Sandy Aftermath: The Road To Recovery Starts with Community
In times of stress, including natural disasters like Hurricane Sandy, we really get a glimpse of what a community is all about.
Headline Image: Shannon Stapleton/Reuters
When you think of homeownership, we all naturally think of individual homes and the families who live in them. But homeownership is also about community. And in times of stress, including natural disasters like Hurricane Sandy, we really get a glimpse of what a community is all about. The storm was devastating in the Northeast and most in the region dealt with loss in some form. It might have been a minor nuisance like no cable and wifi all the way to a week-plus with no power and heat. In those communities you saw neighbors helping each other, those “with” opening their homes to those “without.” Common random acts of kindness include generator sharing, makeshift charging stations in drive ways and neighbors waiting in hour long lines just to fill up a five gallon gas can for one another.
Tony Kurdzuk/The Star-Ledger
And in those areas where the devastation was greater and life altering, communities responded with incredible efforts. Neighbors helping neighbors remove sea-water soaked furniture, rugs, appliances and so much more while insurance and FEMA claims were being made. We should all be fans of the undefeated Point Pleasant Beach high school football team, with no games to play, met as a team to go home to home to help remove as much as they could. Known as the “The Beach,” these youngsters are heroes.
And there was Matthew Andras, another Jersey shore resident, who offered his damaged neighborhood a stress-reducing Movie Night with his generator powering a TV, DVD player and sound system.Read More.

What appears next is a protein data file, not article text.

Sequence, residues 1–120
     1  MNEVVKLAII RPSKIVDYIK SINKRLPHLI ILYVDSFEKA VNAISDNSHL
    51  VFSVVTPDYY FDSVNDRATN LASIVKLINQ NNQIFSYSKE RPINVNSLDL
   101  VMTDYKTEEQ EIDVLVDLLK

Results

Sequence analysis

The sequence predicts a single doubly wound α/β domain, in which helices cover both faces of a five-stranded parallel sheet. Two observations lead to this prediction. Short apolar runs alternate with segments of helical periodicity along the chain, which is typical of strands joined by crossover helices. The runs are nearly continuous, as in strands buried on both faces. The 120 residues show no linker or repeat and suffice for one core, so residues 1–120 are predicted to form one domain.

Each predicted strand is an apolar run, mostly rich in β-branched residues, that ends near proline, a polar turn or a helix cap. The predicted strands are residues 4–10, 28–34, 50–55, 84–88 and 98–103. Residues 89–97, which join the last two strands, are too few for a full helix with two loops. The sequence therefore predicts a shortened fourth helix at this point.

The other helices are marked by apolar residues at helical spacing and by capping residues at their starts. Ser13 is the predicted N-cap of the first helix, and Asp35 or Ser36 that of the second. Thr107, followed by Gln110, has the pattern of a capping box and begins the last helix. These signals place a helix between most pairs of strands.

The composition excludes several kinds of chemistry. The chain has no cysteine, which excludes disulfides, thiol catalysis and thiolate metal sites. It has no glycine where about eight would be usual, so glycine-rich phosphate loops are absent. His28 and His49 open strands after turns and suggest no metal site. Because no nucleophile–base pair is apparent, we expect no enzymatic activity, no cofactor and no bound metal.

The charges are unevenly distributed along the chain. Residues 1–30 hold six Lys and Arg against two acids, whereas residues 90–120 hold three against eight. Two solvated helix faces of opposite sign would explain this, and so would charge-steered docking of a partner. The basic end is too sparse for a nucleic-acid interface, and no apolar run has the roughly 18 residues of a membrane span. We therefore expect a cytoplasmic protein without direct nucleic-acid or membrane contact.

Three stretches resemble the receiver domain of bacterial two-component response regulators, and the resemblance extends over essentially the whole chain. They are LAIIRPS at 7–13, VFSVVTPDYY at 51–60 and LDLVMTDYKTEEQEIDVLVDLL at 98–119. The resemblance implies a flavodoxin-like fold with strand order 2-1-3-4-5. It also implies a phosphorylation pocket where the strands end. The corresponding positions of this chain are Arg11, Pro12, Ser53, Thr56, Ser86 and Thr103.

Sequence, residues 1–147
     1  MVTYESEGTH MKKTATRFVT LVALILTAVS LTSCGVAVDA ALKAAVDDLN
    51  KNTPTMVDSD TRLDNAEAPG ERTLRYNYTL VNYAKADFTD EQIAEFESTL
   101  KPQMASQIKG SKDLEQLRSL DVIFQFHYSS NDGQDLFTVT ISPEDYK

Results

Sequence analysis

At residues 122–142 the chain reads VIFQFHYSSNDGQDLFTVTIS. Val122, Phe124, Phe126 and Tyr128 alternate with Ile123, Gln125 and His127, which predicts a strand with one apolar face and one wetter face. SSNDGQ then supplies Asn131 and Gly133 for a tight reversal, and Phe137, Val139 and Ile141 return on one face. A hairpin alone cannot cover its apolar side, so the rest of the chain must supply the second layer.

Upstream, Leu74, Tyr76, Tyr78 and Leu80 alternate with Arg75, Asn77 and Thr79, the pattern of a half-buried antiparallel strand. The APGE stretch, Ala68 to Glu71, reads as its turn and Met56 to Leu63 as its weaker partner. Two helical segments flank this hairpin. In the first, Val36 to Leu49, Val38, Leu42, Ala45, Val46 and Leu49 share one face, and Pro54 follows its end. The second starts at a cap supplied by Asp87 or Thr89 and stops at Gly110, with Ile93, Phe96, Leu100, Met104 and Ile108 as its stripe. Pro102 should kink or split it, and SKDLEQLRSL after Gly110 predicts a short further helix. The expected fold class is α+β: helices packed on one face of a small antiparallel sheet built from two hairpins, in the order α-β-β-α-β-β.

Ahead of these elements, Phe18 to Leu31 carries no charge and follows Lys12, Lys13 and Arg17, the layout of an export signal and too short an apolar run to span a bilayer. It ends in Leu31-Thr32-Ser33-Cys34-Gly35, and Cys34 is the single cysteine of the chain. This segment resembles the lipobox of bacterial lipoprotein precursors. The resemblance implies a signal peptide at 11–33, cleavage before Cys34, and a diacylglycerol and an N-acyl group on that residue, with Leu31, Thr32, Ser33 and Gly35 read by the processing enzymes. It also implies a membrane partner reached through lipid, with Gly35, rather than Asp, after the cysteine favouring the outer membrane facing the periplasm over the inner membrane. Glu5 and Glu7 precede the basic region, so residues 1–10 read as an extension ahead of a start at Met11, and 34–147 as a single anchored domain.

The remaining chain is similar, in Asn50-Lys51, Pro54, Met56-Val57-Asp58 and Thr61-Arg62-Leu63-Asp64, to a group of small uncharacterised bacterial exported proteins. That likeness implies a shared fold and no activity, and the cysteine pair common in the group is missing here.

Express-Times Photo | SUE BEYER
Utility workers, police officers, firefighters, the National Guard and EMTs have worked around the clock saving lives and offering comfort for people in their community. Easton, PA’s Jack Vaughn was a recipient. Needing a heart transplant, a match was found in Philadelphia just as the storm hit. Two EMTs, who has already worked a 12-hour shift, got him to Philly despite the pounding winds, driving rain and flying debris. Read more.
There are countless local businesses helping. Free restaurant meals, veterinarians offering free physical exams and other examples are routine, the examples are in the hundreds
And many in the Coldwell Banker family have stepped as well. Efforts have included food and clothing donations, hours of volunteering and much more.
And then there was Bob Rich, owner of Coldwell Banker James C. Otton Real Estate which operates on the southern Jersey Shore, who saw much of his business ruined. Two of his five offices, which had recently undergone beautiful renovations, were devasted by to the storm. But that did not stop Bob. He learned from northern neighbor Jim Flanagan of Coldwell Banker Flanagan Realty that the Toms River shelter, which was housing displaced residents from the hard-hit Long Beach Island and Seaside Heights, needed immediate supplies. Bob and his wife Josee rushed to his nearby Walmart and purchased thousands of dollars worth of required water, pet food and diapers which he delivered to Jim and the shelter.
The words “home” and “community” have no doubt changed for the millions who have been impacted by Hurricane Sandy. The compassion that we are witnessing each and every day is something that we will never forget and will be what helps so many through this very difficult time.
Let us know what you are doing to help!